‘She’s there, just by the shore.’ Sarah glanced nervously at Martine, hoping for some response. Any response.
Sarah sighed. Martine was like the others. ‘About 200 yards, at two o’clock. She’s staring out to sea.’ Of course she was. ‘You don’t think I’m bonkers, do you?’
Martine put an arm round her friend. Yes, maybe a bit, she thought. ‘Course. Always were. But only after a couple of peach mojitos.’
The smile when it came was forced. ‘She never looks back. Not once.’
‘When did you find her?’
Sarah nodded, grateful that Martine was at least trying to believe. No one ever saw the woman. Only her. Of course only her. ‘Three years ago. I thought I was mad.’ She snorted a short laugh. ‘I think the really mad bit was coming back the next year, to check. I had to know.’
Sarah shook the tension from her shoulders. ‘Come on. I’ll explain as we walk.’
‘Where are we going?’ Martine vaguely hoped it was coffee. June on the beach wasn’t always welcoming.
‘To prove I’m as sane as you.’
Good luck with that, thought Martine as she followed her down the steps.
Sarah started speaking, in a flat voice. ‘Her name was Kate Atkinson. She was nineteen, married, with a daughter. On 7th June 1944 she came here to stare at France, knowing her beloved husband Albert was there, part of the D Day landings. He was a radio operator.’ She swallowed. ‘He was killed outside a small town about ten miles inland. A gas explosion, apparently. Kate received a telegram the next day.’ She stopped and looked at Martine. ‘You wouldn’t think they could have been that efficient.’
‘How’d you find that out?’
‘The coroner’s court records were put on line a few years ago. Kate came here the same day she heard the news. She dressed her best. Nice skirt and blouse. Patent leather shoes. Shoes for dancing. She took them off and walked into the sea.’ She checked her watch. ‘In about five minutes.’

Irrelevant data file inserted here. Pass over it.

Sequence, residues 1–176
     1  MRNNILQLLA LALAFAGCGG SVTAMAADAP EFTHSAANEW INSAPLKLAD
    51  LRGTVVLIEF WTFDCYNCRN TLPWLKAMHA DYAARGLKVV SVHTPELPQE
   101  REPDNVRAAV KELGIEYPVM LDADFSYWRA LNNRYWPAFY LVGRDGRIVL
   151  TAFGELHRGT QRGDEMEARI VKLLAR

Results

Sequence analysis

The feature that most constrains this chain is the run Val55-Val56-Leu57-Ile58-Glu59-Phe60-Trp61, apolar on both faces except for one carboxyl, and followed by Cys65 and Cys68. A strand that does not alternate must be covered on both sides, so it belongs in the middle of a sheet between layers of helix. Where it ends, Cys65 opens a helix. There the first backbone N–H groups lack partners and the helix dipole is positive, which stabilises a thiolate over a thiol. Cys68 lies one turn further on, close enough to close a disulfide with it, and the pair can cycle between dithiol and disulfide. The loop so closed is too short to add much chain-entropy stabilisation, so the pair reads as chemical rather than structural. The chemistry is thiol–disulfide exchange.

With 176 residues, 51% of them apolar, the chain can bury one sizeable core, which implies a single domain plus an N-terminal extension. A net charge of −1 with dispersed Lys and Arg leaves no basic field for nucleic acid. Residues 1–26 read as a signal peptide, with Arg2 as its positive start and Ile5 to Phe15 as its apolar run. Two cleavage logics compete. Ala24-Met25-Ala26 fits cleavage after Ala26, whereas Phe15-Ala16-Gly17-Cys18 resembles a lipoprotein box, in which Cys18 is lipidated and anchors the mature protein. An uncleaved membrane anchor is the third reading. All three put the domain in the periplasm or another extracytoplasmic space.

‘Geez, you’re not serious?’ Martine stopped and stared at the empty beach, trying to imagine being that depressed. Especially a mother of a child.
Sarah had kept going but she paused to wait for her friend. ‘I don’t get too close until she’s gone. I worry I might see her expression. I don’t think I could cope with that.’
‘Earlier, when I said how did you find out I meant how did you find her name.’
Sarah smiled. ‘It’s why I came first time. She was my grandma. When mum went into the home I found a shoebox in her wardrobe. There were pictures of Kate and Bert, a newspaper article about his death and hers. They only knew it was here she walked into the sea because she took off her shoes. It was foggy that day, a real peasouper, and no one saw her go.’ Sarah turned towards the shore and stood very still.
To Martine it looked like a thousand yard stare, but she knew now what Sarah was seeing. Then Sarah sighed, her shoulders dropping as the tension left them. Like the relief at the end of the minute’s silence, Martine thought.
‘Is it over?’
Sarah nodded. ‘Come on, before the tide turns.’
In silence the pair trudged across the wet sand, both of them gazing towards France as Kate has done seventy five years before. Sarah began hunting for something, her head down concentrating hard. ‘Here.’ Her voice spoke of relief not triumph.
Martine walked over. Sarah stood a few feet from a set of prints: the sole and heel of two size six, or so Martine guessed, women’s shoes placed side by side. Leading away from those two prints and into the sea were more prints but these were bare feet, deep and determined. She looked up and met Sarah’s gaze.
‘You can see them?’
‘Yes. Yes I can. Oh my dear, how utterly poignant.’ A thought struck her. ‘If you can see your grandma, what about your mum? Do you think she might? Even now?’
Sarah crouched down and traced the edge of one shoe print with her finger. A wave curled across the toe softening the edges. She stood, brushing away a few grains of sand. ‘Let’s get a coffee.’
As they headed across the flat sand, Sarah peered at the flat white sky. ‘I thought about that but it’s too late.’ Tears which Martine had expected earlier poured down Sarah’s cheeks. ‘She’s gone into the fog, just like Grandma did.’ She sniffed and took her friend’s arm. ‘Let’s hope they find some comfort in there, eh?’
Behind them the waves spread across the sand, smoothing it for another year.
This was written in repsonse to Sue Vincent’s #writephoto prompt